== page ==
3. How big is the ‘justice market’ for village elders?
How big is the “justice market” for village elders in Ethiopia? In order to answer this question we use a series of generalizations based on the fact that the sample in the JNS survey was randomly selected and represents the broader population of people living in Ethiopia. It should be noted that the generalization or the application of knowledge from smaller groups towards larger groups has its limits. The numbers reported below need to be considered carefully.
First, based on the adult population of Ethiopia and the estimated proportion of the individuals who encounter one or more problems, we estimate how many legal problems occur every 4 years. We calculate this at the level of the categories of legal problems. This model predicts that every 4 years one can expect around 8.5 million land disputes, 5.8 million crimes, 3.3 million disputes between neighbours etc. Next, we consider the knowledge that 20% of the problems are “lumped” – people do nothing about such problems. At the next step, we estimate the proportion of legal problems that have been referred for resolution to village elders. At this step, we estimate how many legal problems have been directed to village elders every 4 years. In the end, we transform the numbers towards a period of one year .
The table below shows the results of the estimation at the level of the categories of legal problems. Our assessment is that every year there are around 3 million legal issues resolved at the level of village elders. Most likely this is a conservative estimation and the actual number is higher. Nevertheless, the sheer volume of the market for the justice services of the village elders is massive.
Category of legal problem
Estimated number (rounded) of problems dealt with by village elders every year
Problems with police
The village elders have a larger social function than reconciliation and adjudication of problems. They advise, decide and steer certain aspects of communal life. In that sense, the resolution of 3 million problems every year is only part of their activities and the value that they deliver to the communities and society.
Deciding or informal adjudication is the most frequently used mode of resolving problems in Ethiopia. It should be warned not to interpret deciding as pure adjudication comparable with what courts and tribunals do to solve disputes. Below we see strong hints that deciding can also take the form of reconciliation of the parties. This corresponds with one of the key findings in the literature review that village elders resolve disputes mostly through reconciling the parties in an attempt to ensure community harmony and avoid vengeance.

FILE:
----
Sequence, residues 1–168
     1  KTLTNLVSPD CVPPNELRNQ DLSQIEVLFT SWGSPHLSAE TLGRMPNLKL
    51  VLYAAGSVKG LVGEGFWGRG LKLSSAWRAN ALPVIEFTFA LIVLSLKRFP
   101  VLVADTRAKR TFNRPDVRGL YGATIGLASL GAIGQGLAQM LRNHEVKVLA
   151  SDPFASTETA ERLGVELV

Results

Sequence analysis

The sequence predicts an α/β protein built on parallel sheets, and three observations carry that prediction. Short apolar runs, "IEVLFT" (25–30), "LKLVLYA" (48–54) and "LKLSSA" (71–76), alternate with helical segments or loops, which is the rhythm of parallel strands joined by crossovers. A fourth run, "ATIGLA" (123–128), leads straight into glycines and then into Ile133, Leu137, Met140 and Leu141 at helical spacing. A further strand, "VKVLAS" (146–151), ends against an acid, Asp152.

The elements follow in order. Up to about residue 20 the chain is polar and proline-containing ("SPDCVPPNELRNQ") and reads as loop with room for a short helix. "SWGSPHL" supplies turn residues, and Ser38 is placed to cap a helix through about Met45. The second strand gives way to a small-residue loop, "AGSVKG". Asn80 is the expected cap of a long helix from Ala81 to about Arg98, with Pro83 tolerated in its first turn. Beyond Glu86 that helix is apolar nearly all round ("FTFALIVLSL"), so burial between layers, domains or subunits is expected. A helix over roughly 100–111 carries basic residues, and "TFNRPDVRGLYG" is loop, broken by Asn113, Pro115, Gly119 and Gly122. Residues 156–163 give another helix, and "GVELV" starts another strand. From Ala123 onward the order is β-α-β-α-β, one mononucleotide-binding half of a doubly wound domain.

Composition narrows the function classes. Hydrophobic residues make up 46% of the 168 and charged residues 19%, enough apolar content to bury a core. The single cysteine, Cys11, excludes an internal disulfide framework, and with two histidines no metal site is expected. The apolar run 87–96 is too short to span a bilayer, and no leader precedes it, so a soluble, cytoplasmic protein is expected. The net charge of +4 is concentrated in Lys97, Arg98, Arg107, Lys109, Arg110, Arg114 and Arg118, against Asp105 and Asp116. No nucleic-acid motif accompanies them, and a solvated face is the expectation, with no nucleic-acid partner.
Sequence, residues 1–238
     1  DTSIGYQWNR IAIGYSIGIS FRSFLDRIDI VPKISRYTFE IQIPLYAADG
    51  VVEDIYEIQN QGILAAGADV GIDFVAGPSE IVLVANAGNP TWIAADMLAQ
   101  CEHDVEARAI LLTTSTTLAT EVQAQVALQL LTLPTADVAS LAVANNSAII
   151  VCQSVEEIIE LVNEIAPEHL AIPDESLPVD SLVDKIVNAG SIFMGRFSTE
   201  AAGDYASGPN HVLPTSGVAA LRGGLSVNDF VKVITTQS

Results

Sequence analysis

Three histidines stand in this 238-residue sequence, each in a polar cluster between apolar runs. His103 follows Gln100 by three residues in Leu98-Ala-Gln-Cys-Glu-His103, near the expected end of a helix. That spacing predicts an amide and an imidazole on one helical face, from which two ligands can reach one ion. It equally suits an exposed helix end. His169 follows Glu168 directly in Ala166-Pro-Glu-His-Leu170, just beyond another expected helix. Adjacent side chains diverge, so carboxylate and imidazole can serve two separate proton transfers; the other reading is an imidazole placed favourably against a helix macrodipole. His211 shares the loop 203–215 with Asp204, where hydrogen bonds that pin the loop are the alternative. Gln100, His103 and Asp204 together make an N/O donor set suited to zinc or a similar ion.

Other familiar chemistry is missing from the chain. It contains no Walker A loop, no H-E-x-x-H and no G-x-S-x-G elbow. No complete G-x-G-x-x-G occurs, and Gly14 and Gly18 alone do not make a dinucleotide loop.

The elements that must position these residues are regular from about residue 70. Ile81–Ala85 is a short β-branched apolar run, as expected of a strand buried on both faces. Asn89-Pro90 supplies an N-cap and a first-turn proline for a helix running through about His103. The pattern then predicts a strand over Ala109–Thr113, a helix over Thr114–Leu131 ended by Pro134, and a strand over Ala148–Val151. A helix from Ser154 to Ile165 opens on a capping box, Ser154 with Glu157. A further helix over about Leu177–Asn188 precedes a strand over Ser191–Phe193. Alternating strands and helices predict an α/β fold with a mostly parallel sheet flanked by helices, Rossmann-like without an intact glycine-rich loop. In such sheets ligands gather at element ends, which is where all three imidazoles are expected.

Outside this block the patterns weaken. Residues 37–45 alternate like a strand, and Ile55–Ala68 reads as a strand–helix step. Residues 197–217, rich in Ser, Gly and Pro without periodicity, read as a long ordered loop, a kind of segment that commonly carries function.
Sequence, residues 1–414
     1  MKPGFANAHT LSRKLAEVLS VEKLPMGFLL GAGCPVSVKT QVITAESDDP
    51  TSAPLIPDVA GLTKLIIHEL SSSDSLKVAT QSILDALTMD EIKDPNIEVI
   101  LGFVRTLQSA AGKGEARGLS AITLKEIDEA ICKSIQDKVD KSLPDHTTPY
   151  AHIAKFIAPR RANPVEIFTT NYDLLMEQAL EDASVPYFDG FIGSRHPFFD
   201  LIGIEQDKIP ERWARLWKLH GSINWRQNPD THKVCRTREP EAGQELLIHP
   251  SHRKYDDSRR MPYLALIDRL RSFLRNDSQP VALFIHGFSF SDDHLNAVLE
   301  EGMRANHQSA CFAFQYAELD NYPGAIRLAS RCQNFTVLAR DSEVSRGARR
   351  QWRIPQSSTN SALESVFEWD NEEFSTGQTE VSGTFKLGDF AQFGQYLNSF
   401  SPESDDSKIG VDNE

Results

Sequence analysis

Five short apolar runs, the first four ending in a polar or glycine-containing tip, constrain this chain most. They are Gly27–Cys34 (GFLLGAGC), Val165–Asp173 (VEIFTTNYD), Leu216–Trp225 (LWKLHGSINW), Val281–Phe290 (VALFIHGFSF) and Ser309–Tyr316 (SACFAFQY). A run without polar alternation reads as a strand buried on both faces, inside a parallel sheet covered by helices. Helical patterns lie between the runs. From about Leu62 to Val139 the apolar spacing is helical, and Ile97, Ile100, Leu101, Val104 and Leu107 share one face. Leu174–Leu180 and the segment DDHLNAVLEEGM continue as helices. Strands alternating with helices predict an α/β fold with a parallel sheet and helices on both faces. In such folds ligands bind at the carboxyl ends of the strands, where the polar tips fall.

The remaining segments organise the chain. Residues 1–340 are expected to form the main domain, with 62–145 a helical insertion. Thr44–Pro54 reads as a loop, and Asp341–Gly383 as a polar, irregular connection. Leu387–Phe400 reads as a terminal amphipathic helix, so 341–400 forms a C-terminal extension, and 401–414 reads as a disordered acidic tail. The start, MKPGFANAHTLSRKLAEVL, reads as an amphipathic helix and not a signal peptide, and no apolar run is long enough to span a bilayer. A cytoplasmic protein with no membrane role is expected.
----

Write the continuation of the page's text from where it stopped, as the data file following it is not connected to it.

Village elders use deciding at almost the same rate as other providers of dispute resolution – in about 2/3rd of the disputes. There is a notable difference in using agreement between the parties as a mode to resolve the issue. Village elders more often resolve disputes through reaching an agreement. Significantly less often the issue resolves itself when village elders are involved. Most likely, this is explained by the lower proportion of unresolved or ongoing disputes dealt with by village elders.
Which are the interventions that local elders employ to resolve problems? We asked people whether each of the providers of dispute resolution did any of the following activities:
On average, village elders used 1.47 interventions per case which is close to the mean of 1.5 for all providers. To simplify the visualization we compare local elders to the other 5 most frequently used providers of dispute resolution.
The difference in the interventions of the village elders from the other frequently used providers is evident from the chart below. More than half of the interventions of the local elders are about active mediation. We can also frame it as reconciliation. None of the other providers comes even close to such a high rate of using active mediation. What is also apparent is that village elders very rarely refer the party to other means of dispute resolution. Nor do they remain passive in the process of dispute resolution — only 4% of their engagements are perceived as “do nothing”. Clearly, the village elders actively engage in disputes, try to reconcile the parties, sometimes decide the matter or provide advice but very rarely leave the dispute unattended.
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